However, we can depend on a bestseller worldwide, because it has been translated into several oriental languages and will appeal to millions of young ladies whose interest in Beckham does not run to who did what to whom in the Old Trafford dressing-room.
If Beckham feels any frustration about his voice being muffled he mustn't worry. He has the rest of his life to publish and be damned. Indeed, the market in meaty tomes about football folk is bulging with the reminiscences of players who had stopped performing long before Beckham was born.
Leaving aside George Best, who has done as much for printers as Caxton ever did, the number of old pros elbowing their way into the bookshops must have reached a record level. Some of England's World Cup 1966 winners are on their second or third editions. Geoff Hurst had a successful book out last year, and George Cohen followed suit in April. There's a new paperback on Gordon Banks, and my colleague James Lawton has just written a highly acclaimed autobiography on Nobby Stiles called After the Ball.
The exceptional career of John Charles has been twice revisited in print this year, Brian Clough has a new volume on sale, and Jimmy Greaves will be hitting the bookshops soon. I gather Dave Mackay is at work on his life story, and fellow Scot Denis Law is close to finishing his addition to the sagas of the greats.
To be able to pull readers in decades after the events is a testament not only to the everlasting attraction of real football tales featuring real people, but also to the dogged curiosity of those of us who still wonder what used to transpire behind the scenes.
In the latest epistle from the past, Malcolm Macdonald has some lurid tales to tell of his life as a player, manager, businessman and pundit. His autobiography, Super Mac (Highdown, £18.99), was written with Colin Malam, now retired after 30 years as football correspondent of the Sunday Telegraph. At a Sports Journalists' Association lunch last Tuesday, Macdonald talked us through some of his career, which began as a non-League full-back and ended as a goal-scoring hero for Luton, Newcastle United and Arsenal, where a crippling knee injury stopped him short at the age of 29.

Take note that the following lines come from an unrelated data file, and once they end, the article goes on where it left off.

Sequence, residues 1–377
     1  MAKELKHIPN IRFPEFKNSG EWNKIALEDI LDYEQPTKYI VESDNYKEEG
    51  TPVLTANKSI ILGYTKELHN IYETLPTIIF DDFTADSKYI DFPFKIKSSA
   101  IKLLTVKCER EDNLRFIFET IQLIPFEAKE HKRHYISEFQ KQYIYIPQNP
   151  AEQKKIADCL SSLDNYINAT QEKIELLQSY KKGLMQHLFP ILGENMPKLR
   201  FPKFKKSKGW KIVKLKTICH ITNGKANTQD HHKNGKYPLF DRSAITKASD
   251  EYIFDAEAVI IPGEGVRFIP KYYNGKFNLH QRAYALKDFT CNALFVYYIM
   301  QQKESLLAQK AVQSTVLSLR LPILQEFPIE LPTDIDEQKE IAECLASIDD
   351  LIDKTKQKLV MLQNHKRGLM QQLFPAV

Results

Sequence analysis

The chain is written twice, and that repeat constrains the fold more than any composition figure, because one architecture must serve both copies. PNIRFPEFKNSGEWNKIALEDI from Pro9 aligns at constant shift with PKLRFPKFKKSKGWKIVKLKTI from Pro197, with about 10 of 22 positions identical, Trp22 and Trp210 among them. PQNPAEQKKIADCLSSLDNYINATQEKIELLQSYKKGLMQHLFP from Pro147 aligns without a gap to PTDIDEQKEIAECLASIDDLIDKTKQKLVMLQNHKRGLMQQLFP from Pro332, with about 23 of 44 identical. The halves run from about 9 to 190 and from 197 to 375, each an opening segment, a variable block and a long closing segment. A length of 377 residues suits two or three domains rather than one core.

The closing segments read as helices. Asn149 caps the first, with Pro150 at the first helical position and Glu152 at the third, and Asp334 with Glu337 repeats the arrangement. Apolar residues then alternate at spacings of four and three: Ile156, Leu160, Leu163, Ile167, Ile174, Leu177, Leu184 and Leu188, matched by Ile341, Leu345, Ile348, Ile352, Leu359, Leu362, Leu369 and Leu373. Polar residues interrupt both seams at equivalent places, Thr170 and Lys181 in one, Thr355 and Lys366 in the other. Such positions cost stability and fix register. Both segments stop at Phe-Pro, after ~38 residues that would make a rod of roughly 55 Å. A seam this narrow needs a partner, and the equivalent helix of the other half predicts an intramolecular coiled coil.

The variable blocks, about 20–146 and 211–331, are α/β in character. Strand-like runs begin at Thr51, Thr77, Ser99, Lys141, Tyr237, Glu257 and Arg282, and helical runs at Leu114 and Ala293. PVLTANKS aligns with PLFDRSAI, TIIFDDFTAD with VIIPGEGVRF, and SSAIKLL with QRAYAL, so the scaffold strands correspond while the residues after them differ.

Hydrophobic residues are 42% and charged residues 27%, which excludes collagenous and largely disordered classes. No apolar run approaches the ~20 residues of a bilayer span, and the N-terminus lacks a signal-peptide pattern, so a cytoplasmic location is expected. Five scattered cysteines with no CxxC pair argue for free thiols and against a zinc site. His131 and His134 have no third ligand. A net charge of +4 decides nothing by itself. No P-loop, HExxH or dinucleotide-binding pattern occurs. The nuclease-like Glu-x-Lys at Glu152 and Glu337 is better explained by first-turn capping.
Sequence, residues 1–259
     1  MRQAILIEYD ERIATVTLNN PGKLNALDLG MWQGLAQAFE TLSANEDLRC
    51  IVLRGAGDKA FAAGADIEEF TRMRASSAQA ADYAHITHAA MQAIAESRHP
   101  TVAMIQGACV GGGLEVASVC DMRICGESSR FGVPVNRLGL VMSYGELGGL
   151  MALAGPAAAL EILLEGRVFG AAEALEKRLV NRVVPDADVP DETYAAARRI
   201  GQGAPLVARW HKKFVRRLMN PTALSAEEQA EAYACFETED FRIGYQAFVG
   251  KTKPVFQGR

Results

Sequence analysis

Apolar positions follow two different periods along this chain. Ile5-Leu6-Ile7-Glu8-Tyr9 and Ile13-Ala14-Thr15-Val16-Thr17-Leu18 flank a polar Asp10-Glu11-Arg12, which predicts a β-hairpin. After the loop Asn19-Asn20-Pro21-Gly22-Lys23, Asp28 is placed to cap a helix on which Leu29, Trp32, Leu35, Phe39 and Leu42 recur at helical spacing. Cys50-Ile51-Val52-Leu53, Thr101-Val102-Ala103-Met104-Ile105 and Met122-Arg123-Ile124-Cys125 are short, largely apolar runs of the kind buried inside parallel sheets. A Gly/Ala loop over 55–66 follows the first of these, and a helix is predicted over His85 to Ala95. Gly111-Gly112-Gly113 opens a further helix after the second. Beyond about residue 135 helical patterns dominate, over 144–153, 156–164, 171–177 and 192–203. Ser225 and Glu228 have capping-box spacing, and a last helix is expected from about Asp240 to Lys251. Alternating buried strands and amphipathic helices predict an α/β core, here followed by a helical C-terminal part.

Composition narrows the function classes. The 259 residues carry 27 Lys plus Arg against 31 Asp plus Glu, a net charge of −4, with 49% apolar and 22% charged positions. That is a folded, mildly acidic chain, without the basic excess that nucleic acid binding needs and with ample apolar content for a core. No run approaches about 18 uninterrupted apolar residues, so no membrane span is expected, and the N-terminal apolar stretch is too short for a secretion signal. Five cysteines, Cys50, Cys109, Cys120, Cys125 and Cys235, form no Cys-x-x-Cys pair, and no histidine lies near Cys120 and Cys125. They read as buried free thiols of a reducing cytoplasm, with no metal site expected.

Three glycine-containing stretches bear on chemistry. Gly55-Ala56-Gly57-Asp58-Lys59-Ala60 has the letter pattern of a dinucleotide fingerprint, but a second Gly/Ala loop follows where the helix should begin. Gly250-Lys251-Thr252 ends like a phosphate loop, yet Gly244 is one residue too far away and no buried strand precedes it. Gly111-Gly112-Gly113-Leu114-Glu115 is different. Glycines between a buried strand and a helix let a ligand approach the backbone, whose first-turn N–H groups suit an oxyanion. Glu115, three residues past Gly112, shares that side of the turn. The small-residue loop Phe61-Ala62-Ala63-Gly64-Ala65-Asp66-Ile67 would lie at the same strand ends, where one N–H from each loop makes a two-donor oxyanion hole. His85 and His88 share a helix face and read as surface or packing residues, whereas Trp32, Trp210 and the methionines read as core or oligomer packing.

He claims his England career was curtailed by a sour relationship with Don Revie, who didn't rate him. When he was selected to play against West Germany in 1975 he had a cold reception from Revie. The manager said that he'd been under pressure to pick him, and that if he didn't score he'd never pick him again.
Macdonald scored the second goal in a famous 2-0 victory and was chosen for the next game, which was against Cyprus. A similar frosty exchange took place, and Macdonald responded by scoring a record-equalling five goals.
Afterwards, Revie appeared unimpressed, and told him that BBC television wanted to interview him. Macdonald wondered why the TV crew were so offhand but it was only when he met the producer the following year that he discovered why. Revie had told them that Macdonald refused to appear unless he was paid £200 in cash. They had to have a hurried whip-round to raise the money.
Macdonald didn't receive a penny. He writes: "Revie not only refused to congratulate me for scoring five goals, he seemed to have made a few quid out of my achievement himself."
This is a sensational allegation against an England manager, and another reason why the books of old-stagers sell so well - you have to wait until people die before you get the best stories.Reuse content